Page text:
Read selected extracts from the notebooks of the most famous natural history illustrators working in Sydney in the last decades of the 19th century...
Scott notebook 1, pages 51 to 53 and pages 76 and 77:
[Drawing] no 97
Larva, female, found on a rose. Sydney, 16 September, 1839. Of a bright gay colour, on the shoulder four hairy tufts & one on the tail. Between these, two fleshy red spikes, antennae long & hairy, ended by a black patch. Insect hairy and with red feet. Drawing of exact size & appearance. FS
[Drawing] no 98
Chrysalis of 97. Short & dumpy, yellowish ? tinged with brown & covered with short yellow hairs. Black spot on each annulation. Turned to a chrysalis 18 Sept 39.
[Drawing] no 99
Nest of the foregoing. Of a light brownish silky white thro' which the cocoon & yellow chrysalis could be seen. 18 September 1839. FS
[Drawing] no 100
Female insect ? -- of a round thickish form, covered with light brown hairs all over. Tail sharp and pointed and moves continually. Six feet in the front. Antennae very small. Insect crawls very slowly. It changed from the chrysalis 23 Sept 39. Drawing of exact size and appearance. FS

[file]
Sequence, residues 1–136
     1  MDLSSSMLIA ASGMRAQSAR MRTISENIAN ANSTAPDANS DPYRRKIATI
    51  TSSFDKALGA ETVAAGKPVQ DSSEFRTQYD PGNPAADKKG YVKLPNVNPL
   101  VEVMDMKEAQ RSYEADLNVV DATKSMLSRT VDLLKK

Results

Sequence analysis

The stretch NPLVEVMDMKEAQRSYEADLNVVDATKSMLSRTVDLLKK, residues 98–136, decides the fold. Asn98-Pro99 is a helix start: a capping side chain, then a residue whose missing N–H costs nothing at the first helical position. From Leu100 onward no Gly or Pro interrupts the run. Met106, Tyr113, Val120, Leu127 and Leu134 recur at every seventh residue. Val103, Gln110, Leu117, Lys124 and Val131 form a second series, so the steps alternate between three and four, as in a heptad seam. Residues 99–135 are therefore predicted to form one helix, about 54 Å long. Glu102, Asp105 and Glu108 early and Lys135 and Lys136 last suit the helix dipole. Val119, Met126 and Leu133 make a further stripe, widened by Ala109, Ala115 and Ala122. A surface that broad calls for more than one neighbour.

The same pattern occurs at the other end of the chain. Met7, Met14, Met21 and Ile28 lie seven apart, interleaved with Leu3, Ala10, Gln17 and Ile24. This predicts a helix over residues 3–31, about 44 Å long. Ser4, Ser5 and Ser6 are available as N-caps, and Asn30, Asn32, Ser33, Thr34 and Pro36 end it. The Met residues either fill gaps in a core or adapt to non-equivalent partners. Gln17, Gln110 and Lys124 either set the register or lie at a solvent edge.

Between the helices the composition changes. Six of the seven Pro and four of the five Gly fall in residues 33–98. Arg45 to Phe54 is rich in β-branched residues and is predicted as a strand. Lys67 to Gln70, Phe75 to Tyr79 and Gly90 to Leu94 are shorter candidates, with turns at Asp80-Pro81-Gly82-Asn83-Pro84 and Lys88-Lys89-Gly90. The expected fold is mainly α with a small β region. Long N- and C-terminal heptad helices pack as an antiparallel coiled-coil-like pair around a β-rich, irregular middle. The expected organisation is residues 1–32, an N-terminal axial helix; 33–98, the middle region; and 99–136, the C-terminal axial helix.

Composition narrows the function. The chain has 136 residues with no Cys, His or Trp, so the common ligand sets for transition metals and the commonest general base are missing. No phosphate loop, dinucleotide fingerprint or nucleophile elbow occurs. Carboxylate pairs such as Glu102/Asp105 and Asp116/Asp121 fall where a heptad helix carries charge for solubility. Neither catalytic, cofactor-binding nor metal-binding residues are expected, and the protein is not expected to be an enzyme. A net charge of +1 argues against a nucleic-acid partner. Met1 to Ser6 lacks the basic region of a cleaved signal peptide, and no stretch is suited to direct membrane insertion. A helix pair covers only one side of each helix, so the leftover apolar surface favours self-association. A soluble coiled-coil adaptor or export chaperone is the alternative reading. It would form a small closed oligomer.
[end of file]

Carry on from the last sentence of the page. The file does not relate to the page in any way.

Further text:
[Drawing] no 150
Chrysalis of the male larva of which no 97 p.57 is the female. Chrysalis very small in comparison with that of the female. General colour brown with yellow wing cases, the whole fringed with yellow hairs. Drawing is of exact size. The larva was similar to that of the female but much smaller. Made its nest 17 October thin & transparent showing the chrysalis thro'. Chrysalis painted 23 Oct 39. FMS.
[Drawing no] 151
Moth of the above. Male of no 100 -- general colour of upper side of upper wings brown, banded transversely with darker & relieved with delicate white spots. Upper part of under wings bright yellow with a broad black band running parallel with the edges & leaving a yellow fringe. Legs feathery - antennae brown & feathery, like a reversed cap. This moth is small but very showy. Drawing of exact size & general appearance. Took wing on the 29th Oct 1839. FMS
About the Scott notebooks
Begun by AW Scott around 1839, the notebooks contain entries by all four Scott daughters (Fanny, Mary, Harriet and Helena). Earlier notebooks (such as this one) are closely connected to the sketches and drawings made as the family collected and observed butterflies and moths first in Sydney and later on Ash Island.
The notebooks show how the butterfly and moth project developed from these observational records and drawings into its more ambitious book form over a number of years. By the time Harriet and Helena took over the notebooks around the mid 1840s, the Australian Lepidoptera book seems to have been the much clearer focus of their efforts.
Photo: observational notes and drawings of the painted apple moth Teia anartoides (Lymantriidae) made in spring, 1839 by Frances Stirling, oldest step daughter of AW Scott.